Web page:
$2 Billion Loss for Generators as a Million U.S. Roofs Get Solar
Rooftop solar is casting a $2 billion shadow over power generators across the eastern U.S.
With more than a million U.S. houses set to have solar panels by the end of next month, grid managers serving the eastern U.S. plan to cut the amount of electricity they buy from conventional plants by about 1,400 megawatts, starting in 2019, according to industry consultant ICF International Inc. That’s enough juice to power about 780,000 households.
The result could be as much as $2 billion in lost revenue for generators that are already reeling from lower demand, tight environmental regulation and depressed prices. Power producers including NRG Energy Inc. warn that the growing reliance on solar may curtail investment in conventional power plants, threatening the reliability of the U.S. electricity system. That’s already happened in Germany, they say, citing plans by EON SE and RWE AG to scrap existing or planned plants.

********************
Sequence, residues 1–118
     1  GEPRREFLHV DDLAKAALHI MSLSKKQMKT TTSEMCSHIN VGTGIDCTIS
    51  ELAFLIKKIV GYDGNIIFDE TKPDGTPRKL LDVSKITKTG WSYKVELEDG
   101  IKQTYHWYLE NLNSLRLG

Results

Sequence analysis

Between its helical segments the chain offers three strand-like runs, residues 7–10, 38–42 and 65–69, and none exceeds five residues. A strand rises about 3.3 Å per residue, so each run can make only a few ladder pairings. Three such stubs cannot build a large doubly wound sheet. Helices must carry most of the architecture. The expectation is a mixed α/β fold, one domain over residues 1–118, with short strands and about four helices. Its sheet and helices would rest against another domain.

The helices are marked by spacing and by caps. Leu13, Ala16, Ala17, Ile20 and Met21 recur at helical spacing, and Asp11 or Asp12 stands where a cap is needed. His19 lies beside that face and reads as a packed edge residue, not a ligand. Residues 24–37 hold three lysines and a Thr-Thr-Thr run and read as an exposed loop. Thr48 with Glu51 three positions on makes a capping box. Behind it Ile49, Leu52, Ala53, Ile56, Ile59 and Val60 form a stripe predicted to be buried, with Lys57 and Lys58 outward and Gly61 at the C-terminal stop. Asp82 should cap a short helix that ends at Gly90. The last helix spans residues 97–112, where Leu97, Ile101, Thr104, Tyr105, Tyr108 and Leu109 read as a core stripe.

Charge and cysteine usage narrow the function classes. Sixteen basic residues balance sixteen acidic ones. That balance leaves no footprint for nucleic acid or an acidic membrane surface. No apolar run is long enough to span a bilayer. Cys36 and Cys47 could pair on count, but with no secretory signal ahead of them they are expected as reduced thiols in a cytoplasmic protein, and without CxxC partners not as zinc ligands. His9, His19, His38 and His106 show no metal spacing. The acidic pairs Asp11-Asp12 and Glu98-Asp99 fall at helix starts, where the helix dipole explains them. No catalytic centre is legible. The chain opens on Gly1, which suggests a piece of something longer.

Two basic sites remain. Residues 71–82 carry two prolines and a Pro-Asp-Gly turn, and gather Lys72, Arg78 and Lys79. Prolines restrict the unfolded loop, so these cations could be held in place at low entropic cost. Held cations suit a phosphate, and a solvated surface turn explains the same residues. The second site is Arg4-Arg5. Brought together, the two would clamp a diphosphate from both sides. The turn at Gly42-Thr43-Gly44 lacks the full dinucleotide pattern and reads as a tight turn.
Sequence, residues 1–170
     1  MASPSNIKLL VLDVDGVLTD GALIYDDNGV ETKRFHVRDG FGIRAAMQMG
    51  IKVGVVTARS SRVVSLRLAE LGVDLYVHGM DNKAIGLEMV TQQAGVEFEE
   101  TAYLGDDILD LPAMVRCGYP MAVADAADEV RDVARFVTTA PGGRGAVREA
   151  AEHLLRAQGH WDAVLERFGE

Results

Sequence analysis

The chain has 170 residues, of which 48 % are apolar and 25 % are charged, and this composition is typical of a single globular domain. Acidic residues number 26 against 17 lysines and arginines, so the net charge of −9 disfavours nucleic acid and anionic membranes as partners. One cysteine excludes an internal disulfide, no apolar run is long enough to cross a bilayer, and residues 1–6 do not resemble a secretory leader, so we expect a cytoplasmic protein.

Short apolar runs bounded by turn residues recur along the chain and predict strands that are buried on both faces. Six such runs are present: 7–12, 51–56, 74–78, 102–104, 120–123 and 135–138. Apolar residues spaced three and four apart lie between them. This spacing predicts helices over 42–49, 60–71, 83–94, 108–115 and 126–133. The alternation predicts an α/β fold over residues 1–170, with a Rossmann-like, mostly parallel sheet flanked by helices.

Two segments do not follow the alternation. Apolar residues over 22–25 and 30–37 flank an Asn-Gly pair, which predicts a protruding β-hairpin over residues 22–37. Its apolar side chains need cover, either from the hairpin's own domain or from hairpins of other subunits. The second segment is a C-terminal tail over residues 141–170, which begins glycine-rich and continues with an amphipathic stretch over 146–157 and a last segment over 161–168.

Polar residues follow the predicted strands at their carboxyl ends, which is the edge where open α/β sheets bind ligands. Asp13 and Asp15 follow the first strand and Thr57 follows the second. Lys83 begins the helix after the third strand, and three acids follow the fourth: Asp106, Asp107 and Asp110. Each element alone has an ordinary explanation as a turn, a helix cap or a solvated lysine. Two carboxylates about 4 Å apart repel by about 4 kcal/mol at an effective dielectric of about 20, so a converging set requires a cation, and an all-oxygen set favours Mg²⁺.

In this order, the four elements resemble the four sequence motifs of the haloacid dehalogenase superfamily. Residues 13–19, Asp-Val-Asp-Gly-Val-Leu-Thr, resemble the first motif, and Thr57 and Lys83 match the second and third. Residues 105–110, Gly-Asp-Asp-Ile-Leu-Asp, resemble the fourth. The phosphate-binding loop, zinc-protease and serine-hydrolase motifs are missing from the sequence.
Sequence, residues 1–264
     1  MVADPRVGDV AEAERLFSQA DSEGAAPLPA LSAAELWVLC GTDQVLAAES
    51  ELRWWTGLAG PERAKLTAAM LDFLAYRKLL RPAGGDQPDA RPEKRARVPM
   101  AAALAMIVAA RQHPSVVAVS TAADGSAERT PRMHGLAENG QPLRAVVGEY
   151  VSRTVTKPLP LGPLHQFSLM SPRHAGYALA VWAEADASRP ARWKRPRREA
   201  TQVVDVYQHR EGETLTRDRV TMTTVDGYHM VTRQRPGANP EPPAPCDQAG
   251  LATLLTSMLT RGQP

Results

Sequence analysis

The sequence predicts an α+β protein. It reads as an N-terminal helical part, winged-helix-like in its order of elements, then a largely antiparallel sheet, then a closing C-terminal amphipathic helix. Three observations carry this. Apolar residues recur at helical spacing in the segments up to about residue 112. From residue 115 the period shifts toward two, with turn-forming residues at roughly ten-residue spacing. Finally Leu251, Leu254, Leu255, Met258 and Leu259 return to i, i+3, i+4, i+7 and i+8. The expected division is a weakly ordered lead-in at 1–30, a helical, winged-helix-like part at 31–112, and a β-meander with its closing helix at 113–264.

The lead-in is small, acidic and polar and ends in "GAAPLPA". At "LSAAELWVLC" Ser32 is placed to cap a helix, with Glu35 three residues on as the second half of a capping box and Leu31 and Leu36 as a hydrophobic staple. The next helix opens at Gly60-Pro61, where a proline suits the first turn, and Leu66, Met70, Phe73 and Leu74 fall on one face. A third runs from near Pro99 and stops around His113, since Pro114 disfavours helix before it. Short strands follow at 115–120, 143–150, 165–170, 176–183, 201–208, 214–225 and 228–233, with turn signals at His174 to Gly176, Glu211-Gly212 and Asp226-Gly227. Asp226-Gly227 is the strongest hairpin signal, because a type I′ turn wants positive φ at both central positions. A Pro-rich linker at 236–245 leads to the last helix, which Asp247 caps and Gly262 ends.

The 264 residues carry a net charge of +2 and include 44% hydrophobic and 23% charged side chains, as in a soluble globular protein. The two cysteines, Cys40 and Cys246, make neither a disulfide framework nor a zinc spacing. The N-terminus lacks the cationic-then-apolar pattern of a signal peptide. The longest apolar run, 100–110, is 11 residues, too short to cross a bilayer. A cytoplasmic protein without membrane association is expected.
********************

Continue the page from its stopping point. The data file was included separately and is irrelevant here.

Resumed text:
The decision “creates a risk you are going to repeat in the United States what’s happening in Germany,” said George Katsigiannakis, a principal at Fairfax, Virginia-based ICF, in a telephone interview. “The result of that is going to be that generating resources, reliable generating resources, don’t make their money and they retire.”